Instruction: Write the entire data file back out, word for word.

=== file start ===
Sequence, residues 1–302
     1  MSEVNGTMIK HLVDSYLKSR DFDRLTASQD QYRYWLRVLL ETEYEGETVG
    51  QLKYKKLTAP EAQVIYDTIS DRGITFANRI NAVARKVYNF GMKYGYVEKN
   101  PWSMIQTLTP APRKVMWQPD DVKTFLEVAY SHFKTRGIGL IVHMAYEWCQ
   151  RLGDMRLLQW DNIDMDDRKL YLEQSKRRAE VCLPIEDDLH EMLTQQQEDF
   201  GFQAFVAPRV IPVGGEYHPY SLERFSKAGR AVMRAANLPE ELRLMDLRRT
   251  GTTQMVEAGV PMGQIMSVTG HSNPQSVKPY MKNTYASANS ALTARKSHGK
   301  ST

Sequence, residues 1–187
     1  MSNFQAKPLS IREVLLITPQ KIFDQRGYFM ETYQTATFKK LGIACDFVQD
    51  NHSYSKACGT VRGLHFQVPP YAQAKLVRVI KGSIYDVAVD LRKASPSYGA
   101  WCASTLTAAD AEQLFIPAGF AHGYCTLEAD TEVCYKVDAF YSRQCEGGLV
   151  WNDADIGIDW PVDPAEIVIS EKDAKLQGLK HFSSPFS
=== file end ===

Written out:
Sequence, residues 1–302
     1  MSEVNGTMIK HLVDSYLKSR DFDRLTASQD QYRYWLRVLL ETEYEGETVG
    51  QLKYKKLTAP EAQVIYDTIS DRGITFANRI NAVARKVYNF GMKYGYVEKN
   101  PWSMIQTLTP APRKVMWQPD DVKTFLEVAY SHFKTRGIGL IVHMAYEWCQ
   151  RLGDMRLLQW DNIDMDDRKL YLEQSKRRAE VCLPIEDDLH EMLTQQQEDF
   201  GFQAFVAPRV IPVGGEYHPY SLERFSKAGR AVMRAANLPE ELRLMDLRRT
   251  GTTQMVEAGV PMGQIMSVTG HSNPQSVKPY MKNTYASANS ALTARKSHGK
   301  ST

Sequence, residues 1–187
     1  MSNFQAKPLS IREVLLITPQ KIFDQRGYFM ETYQTATFKK LGIACDFVQD
    51  NHSYSKACGT VRGLHFQVPP YAQAKLVRVI KGSIYDVAVD LRKASPSYGA
   101  WCASTLTAAD AEQLFIPAGF AHGYCTLEAD TEVCYKVDAF YSRQCEGGLV
   151  WNDADIGIDW PVDPAEIVIS EKDAKLQGLK HFSSPFS